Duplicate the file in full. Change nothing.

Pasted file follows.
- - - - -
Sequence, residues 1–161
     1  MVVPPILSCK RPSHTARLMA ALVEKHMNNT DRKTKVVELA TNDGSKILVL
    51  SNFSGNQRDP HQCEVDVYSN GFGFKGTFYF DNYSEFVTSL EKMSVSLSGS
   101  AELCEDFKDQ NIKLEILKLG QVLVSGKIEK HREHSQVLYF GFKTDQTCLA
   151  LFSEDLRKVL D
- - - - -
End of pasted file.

Sequence, residues 1–161
     1  MVVPPILSCK RPSHTARLMA ALVEKHMNNT DRKTKVVELA TNDGSKILVL
    51  SNFSGNQRDP HQCEVDVYSN GFGFKGTFYF DNYSEFVTSL EKMSVSLSGS
   101  AELCEDFKDQ NIKLEILKLG QVLVSGKIEK HREHSQVLYF GFKTDQTCLA
   151  LFSEDLRKVL D